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Agronomic Crops Network

Ohio State University Extension


Producing Wheat in 15-inch Rows

Growers are interested in wide-row wheat production due to changes in equipment inventory (lack of grain drill and availability of air seeder) and to allow intercropping of soybean into wheat. Wheat row spacing work was conducted during the 2012-2013 and 2013-2014 growing seasons with funding from the Ohio Small Grains Marketing Program and Michigan Wheat Program. Overall, wheat grown in 15-inch row widths yielded 1 to 11% lower compared to wheat grown in 7.5-inch row widths.

If you are planting wheat in 15-inch rows, consider the following:

1.) Variety selection. Choose a variety that is high yielding and resistant to major diseases such as powdery mildew, leaf rust, Septoria and Stagonospora blotches, and head scab. See for the Ohio Wheat Performance Test Wide Row Evaluation.

2.) Planting date. Plant wheat as soon as possible after the Hessian fly-safe date.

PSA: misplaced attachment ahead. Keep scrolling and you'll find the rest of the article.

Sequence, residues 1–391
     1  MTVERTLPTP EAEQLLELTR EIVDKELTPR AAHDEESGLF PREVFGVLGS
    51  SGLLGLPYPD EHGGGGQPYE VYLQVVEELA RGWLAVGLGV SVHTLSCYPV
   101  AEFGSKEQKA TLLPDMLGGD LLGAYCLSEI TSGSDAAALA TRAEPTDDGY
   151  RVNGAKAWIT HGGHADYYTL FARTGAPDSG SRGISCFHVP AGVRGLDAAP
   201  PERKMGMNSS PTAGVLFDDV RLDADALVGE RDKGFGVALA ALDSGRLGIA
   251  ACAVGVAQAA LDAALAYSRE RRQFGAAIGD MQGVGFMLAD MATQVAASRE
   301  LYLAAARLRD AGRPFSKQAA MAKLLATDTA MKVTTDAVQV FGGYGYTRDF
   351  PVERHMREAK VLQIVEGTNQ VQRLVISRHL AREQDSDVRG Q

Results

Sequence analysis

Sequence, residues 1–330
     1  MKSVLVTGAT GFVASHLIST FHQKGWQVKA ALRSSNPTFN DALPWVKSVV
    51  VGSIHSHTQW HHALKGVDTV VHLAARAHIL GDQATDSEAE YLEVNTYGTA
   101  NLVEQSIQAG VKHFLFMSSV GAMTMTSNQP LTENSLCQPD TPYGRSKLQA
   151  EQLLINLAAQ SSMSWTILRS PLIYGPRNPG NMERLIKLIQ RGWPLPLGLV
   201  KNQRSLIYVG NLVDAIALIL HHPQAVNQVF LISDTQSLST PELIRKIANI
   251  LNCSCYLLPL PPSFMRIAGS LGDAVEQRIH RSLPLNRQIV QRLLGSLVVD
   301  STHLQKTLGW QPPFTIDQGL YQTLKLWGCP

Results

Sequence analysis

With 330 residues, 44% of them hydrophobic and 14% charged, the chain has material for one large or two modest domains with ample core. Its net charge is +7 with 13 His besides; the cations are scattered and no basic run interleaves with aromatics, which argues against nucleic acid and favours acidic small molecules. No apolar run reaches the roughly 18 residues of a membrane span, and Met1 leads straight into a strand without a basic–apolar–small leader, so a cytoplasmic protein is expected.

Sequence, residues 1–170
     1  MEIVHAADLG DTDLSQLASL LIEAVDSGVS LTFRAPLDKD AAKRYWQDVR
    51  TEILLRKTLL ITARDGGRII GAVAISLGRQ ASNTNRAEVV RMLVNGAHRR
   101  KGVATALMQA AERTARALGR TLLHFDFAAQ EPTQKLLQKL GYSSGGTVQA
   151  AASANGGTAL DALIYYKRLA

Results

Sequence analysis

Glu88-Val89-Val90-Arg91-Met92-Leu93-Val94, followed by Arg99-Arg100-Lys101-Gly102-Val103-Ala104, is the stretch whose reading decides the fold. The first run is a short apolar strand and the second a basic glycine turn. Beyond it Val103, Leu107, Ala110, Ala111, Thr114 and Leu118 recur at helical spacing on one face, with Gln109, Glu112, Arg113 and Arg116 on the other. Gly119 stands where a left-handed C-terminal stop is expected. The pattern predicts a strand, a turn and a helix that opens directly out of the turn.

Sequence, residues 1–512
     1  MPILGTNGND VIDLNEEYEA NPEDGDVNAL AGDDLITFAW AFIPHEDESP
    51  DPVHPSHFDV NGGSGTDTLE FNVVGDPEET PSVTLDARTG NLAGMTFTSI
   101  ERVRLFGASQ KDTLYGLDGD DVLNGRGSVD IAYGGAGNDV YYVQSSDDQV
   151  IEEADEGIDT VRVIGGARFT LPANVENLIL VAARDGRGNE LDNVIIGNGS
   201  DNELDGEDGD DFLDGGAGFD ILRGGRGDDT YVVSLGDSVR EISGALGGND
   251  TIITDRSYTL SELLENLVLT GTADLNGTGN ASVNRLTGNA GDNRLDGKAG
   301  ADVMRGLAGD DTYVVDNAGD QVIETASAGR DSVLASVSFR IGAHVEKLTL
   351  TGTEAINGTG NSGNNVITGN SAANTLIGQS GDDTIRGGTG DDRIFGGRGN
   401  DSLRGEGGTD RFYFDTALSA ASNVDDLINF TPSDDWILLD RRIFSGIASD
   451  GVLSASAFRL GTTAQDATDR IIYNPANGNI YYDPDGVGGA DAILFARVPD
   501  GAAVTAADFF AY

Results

3.) Seeding rate. A seeding rate of 25 to 29 seeds/foot of row (0.85 to 1.0 million seeds/acre) is recommended. In on-farm research trials conducted in Fulton County, there was no yield increase when wheat was seeded at 29 seeds/foot of row (1.0 million seeds/acre) compared to 43 seeds/foot of row (1.5 million seeds/acre).

4.) Herbicide application. Spring herbicide application is very important to maximize yield.

5.) Disease control. Changing row spacing will change the microclimate within the wheat canopy, and this could affect disease development. Scout fields for foliar diseases and use the scab forecasting system ( to determine whether disease risk is high enough to warrant a fungicide application.

Crop Observation and Recommendation Network

C.O.R.N. Newsletter is a summary of crop observations, related information, and appropriate recommendations for Ohio crop producers and industry. C.O.R.N. Newsletter is produced by the Ohio State University Extension Agronomy Team, state specialists at The Ohio State University and the Ohio Agricultural Research and Development Center (OARDC). C.O.R.N. Newsletter questions are directed to Extension and OARDC state specialists and associates at Ohio State.